Blog Editor with a profound interest in software development and advancements of technology.
October is an exciting month for Node.js enthusiasts as it brings the anticipation of both a fresh Node.js major release, Node.js 21, and the imminent transition of Node.js 20 to Long Term Support (LTS) status in the following week. This sense of predictability and orderliness in the Node.js community's well-established release procedure is truly noteworthy.
In this new article, we will go over the significant enhancements in Node.js, with a special focus on the introduction of a built-in WebSocket client and support for globs in the platform’s test runner.
Node.js 21 has seen significant development with over 1153 commits since the release of 20.0.0. However, it's important to note that a substantial portion of this work involved improvements and restructuring of existing features, resulting in a limited number of prominent new features. Some notable changes worth highlighting encompass:
You can enable support for a browser-compatible implementation of WebSocket using the
--experimental-websocket flag. This is another step towards enabling Web APIs in Node.js and enhancing cross-platform development capabilities.
--experimental-default-type flag allows you to set defaults that are better suited for fully ESM (ECMAScript Modules) implementations. This focuses on improving the developer experience for those using ESM while maintaining compatibility with CommonJS.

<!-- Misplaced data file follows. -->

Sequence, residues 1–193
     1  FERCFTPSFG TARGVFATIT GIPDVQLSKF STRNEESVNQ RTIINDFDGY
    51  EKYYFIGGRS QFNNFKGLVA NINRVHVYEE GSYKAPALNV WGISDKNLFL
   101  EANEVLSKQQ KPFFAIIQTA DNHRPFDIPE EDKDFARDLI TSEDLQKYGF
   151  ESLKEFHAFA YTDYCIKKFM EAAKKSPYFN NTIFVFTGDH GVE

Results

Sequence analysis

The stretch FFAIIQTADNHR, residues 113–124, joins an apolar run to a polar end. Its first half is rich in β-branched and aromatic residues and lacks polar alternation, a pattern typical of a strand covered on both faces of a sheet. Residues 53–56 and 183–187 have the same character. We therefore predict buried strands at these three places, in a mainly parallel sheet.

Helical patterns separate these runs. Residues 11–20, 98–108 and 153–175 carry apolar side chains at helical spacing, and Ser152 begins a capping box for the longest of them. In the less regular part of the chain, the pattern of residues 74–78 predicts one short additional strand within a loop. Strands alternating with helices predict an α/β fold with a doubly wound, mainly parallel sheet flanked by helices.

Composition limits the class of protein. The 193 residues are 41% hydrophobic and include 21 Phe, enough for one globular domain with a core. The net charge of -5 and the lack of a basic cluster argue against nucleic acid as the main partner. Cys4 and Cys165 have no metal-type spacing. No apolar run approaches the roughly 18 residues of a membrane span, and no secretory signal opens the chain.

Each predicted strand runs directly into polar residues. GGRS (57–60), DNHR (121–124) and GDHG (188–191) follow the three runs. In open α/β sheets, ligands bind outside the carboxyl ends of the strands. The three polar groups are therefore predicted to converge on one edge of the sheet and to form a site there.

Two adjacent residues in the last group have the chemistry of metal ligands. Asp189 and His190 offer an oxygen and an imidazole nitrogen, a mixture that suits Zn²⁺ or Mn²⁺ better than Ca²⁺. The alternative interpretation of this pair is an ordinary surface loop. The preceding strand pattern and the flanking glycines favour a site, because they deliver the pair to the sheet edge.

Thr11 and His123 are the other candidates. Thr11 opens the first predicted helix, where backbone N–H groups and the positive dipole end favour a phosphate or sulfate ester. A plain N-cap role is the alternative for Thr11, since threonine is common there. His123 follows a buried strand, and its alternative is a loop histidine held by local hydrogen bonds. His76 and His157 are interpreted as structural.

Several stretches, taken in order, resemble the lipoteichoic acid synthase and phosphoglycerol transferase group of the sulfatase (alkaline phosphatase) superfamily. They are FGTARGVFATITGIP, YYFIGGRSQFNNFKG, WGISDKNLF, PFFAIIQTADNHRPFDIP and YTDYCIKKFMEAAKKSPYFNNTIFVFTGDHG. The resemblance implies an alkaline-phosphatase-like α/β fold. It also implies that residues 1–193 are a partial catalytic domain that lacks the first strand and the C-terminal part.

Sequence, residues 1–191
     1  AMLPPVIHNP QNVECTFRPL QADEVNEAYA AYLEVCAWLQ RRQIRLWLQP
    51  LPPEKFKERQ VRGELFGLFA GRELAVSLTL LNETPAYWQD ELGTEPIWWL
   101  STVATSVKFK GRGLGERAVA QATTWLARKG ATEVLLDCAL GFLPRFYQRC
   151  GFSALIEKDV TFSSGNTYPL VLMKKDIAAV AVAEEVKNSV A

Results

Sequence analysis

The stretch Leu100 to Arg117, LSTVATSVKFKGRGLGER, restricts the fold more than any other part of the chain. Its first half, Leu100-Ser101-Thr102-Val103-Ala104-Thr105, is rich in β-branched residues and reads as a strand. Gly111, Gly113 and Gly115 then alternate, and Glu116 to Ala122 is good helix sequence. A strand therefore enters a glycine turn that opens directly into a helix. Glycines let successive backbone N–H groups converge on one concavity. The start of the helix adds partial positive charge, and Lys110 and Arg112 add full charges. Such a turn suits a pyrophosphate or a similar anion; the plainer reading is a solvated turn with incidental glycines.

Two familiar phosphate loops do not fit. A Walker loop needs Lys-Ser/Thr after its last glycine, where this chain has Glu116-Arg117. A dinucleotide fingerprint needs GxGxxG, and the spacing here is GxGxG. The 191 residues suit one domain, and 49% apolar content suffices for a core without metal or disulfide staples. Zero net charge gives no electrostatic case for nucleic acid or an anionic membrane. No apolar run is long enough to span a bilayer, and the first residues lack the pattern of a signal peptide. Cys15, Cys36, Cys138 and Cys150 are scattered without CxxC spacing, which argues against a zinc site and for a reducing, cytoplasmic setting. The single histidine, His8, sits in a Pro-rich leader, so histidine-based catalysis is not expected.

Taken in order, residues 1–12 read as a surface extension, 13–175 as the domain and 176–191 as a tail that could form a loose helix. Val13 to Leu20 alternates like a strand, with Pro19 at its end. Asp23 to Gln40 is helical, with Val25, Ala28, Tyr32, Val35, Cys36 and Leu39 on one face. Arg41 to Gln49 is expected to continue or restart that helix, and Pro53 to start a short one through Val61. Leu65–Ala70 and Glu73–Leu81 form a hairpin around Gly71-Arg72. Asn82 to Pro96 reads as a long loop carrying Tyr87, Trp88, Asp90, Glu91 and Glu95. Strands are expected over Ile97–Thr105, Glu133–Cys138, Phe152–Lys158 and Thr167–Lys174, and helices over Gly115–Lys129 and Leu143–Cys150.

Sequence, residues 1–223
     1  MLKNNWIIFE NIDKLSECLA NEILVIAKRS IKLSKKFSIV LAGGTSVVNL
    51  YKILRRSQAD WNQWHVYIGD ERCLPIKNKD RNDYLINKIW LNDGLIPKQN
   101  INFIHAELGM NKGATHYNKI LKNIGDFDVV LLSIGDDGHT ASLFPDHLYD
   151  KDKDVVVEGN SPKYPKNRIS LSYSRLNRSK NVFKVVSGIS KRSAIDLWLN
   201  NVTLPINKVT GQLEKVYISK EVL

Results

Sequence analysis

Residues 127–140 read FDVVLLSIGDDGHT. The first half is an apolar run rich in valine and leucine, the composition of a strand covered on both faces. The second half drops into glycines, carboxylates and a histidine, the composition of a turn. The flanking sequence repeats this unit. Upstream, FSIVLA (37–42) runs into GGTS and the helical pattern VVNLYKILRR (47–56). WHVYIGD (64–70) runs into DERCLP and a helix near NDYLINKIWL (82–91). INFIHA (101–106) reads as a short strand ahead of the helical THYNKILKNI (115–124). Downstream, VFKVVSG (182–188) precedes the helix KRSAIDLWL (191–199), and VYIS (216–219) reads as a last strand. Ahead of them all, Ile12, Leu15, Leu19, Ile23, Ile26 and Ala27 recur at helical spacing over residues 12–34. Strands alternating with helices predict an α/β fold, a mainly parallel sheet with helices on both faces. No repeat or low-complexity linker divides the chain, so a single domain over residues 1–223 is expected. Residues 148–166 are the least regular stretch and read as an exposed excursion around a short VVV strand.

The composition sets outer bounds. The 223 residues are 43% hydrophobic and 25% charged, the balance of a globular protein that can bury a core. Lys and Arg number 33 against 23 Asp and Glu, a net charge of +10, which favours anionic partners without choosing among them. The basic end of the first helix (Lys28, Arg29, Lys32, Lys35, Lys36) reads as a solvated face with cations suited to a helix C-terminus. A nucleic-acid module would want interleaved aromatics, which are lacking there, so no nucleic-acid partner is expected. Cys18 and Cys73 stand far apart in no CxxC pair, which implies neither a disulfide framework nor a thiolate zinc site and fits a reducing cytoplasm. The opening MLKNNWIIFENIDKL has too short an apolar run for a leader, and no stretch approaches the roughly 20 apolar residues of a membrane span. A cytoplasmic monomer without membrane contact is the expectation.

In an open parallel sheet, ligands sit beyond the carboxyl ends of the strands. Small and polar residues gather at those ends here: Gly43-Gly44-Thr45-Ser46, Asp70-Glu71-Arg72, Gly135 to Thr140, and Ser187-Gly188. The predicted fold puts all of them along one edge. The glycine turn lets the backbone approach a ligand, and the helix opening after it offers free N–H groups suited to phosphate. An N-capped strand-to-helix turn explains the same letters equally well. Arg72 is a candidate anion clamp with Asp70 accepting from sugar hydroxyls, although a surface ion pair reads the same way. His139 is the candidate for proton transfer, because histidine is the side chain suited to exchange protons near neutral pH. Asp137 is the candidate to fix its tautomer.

Node.js 21 updates the minimum supported levels for platforms and tooling. Notably, the minimum supported macOS version has been increased to 11.0, and support for Visual Studio 2019 has been dropped.
Node.js 21 brings npm up to version 10.2, which includes various enhancements and new features. You can explore the specifics of this npm release in the official npm release notes.
The Node.js security team has automated the process of updating dependencies, ensuring that Node.js stays up to date with the latest versions of its dependencies. This release incorporates updates to various dependencies, such as uvwasi, simduft, zilb, googletest, undici, and ada.
In addition to the Node.js 21 release, Node.js 20 has been promoted to LTS (Long-Term Support), making it a stable choice for production use. Some notable features and initiatives from Node.js 20 include:
Stable Test Runner: Node.js 20 introduced a stable test runner to facilitate testing of Node.js applications.
WASI (WebAssembly System Interface): WASI, which was previously experimental and required a command line flag, is now a more integral part of the Node.js ecosystem.
Permission Model (Experimental): Node.js 20 introduced an experimental permission model to manage access to resources and system-level capabilities.
Single Executable Applications (Experimental): This feature allows the creation of single executable applications, simplifying deployment and distribution.
Tracing Channel (Experimental): Node.js 20 introduced a tracing channel for monitoring and diagnostics.
The Node.js project remains highly active and is making significant strides in addressing its technical priorities, as evident in the Node.js 20 and 21 releases. The Next-10 team has transitioned from merely identifying important project tasks to actively monitoring the progress and evolution of these critical initiatives. The substantial participation in the recent survey underscores the alignment between the project's documented technical priorities and the ecosystem's actual needs, emphasizing the project's responsiveness and relevance to its community.
You can read about all the new features and changes in the community post>>.
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